Club Industry is part of the Informa Markets Division of Informa PLC

This site is operated by a business or businesses owned by Informa PLC and all copyright resides with them. Informa PLC's registered office is 5 Howick Place, London SW1P 1WG. Registered in England and Wales. Number 8860726.

3D scanning technology such as this technology from Styku offers members a visual representation of their progress and helps health club operators better engage with members Photo courtesy Styku
<p>3D scanning technology, such as this technology from Styku, offers members a visual representation of their progress and helps health club operators better engage with members. (Photo courtesy Styku.)</p>

How 3D Body Scanning Helps Some Health Clubs Keep Members Engaged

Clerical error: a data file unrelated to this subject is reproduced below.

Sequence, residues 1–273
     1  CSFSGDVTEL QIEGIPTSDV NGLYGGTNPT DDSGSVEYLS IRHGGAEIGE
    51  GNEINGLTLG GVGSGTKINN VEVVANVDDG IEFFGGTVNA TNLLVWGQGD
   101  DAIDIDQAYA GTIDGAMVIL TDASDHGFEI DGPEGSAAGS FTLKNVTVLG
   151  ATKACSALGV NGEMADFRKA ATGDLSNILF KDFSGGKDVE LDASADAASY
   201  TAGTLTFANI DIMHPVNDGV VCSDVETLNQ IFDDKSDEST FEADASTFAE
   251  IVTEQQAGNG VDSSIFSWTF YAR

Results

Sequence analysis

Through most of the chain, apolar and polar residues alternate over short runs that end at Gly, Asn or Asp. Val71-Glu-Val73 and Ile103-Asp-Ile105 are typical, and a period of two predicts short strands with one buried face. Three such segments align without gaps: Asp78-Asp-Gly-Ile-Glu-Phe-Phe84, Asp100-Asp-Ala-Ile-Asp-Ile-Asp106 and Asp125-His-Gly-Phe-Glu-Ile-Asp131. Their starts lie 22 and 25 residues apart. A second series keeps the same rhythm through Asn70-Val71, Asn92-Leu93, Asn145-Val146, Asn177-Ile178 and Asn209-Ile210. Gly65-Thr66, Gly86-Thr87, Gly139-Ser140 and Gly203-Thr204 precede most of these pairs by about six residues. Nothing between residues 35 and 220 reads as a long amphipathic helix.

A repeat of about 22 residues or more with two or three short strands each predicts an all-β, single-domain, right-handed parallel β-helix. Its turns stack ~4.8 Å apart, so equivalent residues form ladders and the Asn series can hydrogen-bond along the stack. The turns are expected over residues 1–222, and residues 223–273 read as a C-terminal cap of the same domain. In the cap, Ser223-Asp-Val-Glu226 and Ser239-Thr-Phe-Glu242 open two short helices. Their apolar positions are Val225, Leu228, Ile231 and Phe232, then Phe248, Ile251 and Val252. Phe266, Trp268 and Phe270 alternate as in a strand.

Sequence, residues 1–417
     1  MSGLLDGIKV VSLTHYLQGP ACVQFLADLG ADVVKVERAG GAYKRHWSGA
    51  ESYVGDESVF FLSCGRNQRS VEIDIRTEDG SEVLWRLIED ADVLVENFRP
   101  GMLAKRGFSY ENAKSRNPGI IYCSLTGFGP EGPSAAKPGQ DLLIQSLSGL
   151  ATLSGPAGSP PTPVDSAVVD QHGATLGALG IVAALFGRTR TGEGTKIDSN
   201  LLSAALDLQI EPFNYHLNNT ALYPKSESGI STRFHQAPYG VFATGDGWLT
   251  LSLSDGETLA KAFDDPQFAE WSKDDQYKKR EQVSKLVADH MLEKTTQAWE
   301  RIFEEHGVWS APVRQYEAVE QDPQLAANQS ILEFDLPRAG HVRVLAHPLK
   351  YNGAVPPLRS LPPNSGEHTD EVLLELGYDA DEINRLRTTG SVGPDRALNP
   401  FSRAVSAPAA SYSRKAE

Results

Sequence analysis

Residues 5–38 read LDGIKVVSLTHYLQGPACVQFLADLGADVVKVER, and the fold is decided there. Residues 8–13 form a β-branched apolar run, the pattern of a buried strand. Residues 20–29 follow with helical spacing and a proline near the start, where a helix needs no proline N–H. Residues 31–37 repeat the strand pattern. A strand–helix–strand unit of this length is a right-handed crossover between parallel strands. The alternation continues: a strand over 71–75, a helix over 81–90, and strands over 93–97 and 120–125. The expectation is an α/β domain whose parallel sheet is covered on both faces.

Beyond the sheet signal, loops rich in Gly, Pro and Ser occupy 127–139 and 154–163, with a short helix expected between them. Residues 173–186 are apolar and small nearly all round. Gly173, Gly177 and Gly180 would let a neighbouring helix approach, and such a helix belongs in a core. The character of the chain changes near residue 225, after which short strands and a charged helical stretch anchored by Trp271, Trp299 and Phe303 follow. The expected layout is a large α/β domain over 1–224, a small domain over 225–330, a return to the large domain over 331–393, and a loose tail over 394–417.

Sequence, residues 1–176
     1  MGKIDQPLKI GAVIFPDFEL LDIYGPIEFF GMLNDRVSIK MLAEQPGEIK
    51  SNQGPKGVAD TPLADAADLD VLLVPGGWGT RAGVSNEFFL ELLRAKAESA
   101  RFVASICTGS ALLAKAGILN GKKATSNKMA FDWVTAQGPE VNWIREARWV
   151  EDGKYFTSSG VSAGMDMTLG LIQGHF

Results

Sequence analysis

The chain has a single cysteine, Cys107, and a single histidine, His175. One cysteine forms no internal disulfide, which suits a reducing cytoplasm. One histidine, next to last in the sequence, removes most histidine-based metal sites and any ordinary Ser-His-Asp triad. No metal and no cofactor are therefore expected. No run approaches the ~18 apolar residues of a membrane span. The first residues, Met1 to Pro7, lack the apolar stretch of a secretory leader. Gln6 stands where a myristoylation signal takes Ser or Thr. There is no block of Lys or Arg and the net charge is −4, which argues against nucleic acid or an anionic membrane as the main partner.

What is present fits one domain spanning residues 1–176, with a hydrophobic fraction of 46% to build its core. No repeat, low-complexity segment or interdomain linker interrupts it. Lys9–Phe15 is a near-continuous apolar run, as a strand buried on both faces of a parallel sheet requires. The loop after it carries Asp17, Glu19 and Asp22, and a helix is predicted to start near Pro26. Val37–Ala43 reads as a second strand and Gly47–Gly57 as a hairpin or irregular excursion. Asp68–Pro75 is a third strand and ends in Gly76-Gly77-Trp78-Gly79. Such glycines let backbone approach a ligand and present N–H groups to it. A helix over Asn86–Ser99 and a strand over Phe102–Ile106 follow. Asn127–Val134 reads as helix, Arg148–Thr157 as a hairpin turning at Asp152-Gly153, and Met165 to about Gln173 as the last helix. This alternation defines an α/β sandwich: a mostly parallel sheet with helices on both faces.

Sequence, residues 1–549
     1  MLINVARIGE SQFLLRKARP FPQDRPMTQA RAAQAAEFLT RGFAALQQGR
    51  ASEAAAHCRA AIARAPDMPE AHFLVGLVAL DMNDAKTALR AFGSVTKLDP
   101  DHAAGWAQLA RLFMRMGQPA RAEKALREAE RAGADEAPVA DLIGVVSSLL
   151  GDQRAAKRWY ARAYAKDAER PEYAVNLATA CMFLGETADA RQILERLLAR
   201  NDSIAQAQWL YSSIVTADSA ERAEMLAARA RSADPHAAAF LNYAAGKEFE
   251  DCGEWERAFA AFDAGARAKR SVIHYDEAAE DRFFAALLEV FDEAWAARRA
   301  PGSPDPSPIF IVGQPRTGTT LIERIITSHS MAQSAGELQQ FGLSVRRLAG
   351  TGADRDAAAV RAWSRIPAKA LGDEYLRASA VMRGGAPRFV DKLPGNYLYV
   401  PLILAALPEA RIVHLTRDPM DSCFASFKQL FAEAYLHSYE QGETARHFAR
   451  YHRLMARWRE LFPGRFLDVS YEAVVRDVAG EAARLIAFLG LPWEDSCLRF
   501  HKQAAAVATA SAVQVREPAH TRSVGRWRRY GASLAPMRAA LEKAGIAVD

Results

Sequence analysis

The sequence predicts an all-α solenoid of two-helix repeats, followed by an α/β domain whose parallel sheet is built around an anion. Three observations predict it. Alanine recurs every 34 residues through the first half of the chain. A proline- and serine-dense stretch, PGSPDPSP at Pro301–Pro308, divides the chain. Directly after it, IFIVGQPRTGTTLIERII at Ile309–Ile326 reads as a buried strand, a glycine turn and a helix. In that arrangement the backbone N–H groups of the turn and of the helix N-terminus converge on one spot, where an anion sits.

Offering 3D body scanning technology to members has helped some health club operators offer something extra to members looking for weight loss and, in the process, set themselves apart from the competition. &nbsp;

Styku CEO Raj Sareen was a research scientist searching for new planets and stars before he found his way to the fitness industry.

It was that background working with cameras and imaging systems that inspired Sareen to invent his first 3D body scanning device with 21 consumer-grade webcams in 2009. He then hacked Microsoft's Kinect camera to create what would become Styku, developed a relationship with Microsoft, filed several patents in 2011 and was accepted into the prestigious Techstars startup accelerator program in 2012.